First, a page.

I was in grade school when I first discovered how crazy white people can get about race, and how protective they can be of their privilege.
I had a new friend, a white kid I’d met at school. This was in the 1980s, but the Indianapolis district in which I lived was still coming to terms with integration, largely by busing black kids to white schools. Once we were inside the building, however, our classrooms remained starkly divided: white students in the “advanced” classes; black students, not. I had the kind of parents who made sure I was the odd black student in the wrong room, and that’s where I met this friend. I’ll call him Jack.
He was a smart, openhearted, upper-middle-class boy who was used to coming out on top. I suppose that’s why he got so flustered by whatever happened on the basketball court that day. I wasn’t there for the incident, but I gather that he’d lost and that he found it unfair. He was angry and complained to me about it—about those “niggers” who had cheated him of his glory.
Jack was shocked when I took offense. He assured me that I wasn’t a nigger, that of course he wasn’t talking about me. He’d meant those other guys, the bad hombres who he felt had taken something that rightfully belonged to him. They were the niggers. Didn’t I understand the distinction?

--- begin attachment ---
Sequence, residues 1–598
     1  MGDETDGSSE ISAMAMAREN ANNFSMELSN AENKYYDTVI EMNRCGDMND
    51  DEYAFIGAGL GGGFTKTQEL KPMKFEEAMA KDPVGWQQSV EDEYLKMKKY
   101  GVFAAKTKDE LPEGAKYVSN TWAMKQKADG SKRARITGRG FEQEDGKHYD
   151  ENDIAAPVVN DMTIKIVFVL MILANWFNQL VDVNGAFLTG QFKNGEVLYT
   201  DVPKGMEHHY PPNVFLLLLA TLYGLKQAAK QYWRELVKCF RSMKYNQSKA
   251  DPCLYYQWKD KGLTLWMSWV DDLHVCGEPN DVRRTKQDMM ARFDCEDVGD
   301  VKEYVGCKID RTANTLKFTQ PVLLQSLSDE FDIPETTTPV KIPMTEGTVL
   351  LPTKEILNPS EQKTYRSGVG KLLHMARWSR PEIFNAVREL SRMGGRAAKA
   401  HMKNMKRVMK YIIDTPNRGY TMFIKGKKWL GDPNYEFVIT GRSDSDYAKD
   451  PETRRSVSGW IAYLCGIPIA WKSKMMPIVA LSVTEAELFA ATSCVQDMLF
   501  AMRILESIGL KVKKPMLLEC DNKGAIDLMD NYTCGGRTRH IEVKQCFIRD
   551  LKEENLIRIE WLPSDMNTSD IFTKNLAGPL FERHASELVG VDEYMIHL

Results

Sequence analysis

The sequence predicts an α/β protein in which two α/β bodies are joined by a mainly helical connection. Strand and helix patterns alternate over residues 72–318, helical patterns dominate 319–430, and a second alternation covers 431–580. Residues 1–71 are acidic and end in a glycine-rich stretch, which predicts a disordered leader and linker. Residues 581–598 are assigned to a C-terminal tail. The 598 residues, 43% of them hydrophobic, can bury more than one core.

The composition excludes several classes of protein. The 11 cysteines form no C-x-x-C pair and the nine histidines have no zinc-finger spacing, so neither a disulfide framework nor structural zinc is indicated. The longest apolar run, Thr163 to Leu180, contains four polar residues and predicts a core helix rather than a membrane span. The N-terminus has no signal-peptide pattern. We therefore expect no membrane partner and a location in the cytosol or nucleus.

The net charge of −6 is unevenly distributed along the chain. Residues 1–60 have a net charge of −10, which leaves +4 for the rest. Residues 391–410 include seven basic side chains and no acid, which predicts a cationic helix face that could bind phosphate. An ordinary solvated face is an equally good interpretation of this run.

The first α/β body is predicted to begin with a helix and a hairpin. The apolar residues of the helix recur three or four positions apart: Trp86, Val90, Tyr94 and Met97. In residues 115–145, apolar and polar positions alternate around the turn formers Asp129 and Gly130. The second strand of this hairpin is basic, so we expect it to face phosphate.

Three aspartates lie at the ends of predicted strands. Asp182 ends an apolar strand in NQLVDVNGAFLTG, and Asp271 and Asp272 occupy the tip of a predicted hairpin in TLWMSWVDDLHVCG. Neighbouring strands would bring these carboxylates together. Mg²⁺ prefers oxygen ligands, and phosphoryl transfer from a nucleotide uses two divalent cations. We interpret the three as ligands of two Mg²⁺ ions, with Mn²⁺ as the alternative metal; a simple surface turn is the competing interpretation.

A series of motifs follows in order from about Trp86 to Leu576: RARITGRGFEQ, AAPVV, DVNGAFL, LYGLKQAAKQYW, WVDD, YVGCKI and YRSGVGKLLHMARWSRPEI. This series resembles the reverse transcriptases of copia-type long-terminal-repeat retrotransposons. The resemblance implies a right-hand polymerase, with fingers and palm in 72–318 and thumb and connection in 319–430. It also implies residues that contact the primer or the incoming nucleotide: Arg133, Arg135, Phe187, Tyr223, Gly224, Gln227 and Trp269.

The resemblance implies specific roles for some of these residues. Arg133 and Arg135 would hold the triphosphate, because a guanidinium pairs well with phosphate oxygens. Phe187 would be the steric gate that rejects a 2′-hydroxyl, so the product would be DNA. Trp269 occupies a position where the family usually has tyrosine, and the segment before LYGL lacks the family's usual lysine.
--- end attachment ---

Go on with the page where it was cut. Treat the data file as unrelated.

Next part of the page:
That conversation came bubbling up from my childhood memory over the past several weeks, as I watched the absurdist drama of Washington’s immigration debate unfold. I’ve been reminded of the lesson Jack taught me at 11 years old: White privilege requires an intense, collective delusion that the supremacy of white people in America is normal and fair. White people in particular must practice a difficult, daily self-deception, studiously ignoring the plain inequities that have shaped their lives. And when reality forces itself into this delusional fog, a great many simply can’t bear it: They scream “Fake news!” and turn away.
Which is why Donald Trump is making so much progress in his campaign to make America white again.
It’s fashionable among people of color to say Trump can’t shock us. I’m proud to say I find him shocking. I cannot become inured to either his extreme politics or his boorish, bullying behavior. I feel the daily creep of actual fascism, and it still terrifies me. That said, I couldn’t muster much shock at the recent “shithole” incident. The president routinely hurls around both vulgar and racist remarks; we know that. The truly troubling thing wasn’t the slur, but the reaction to it.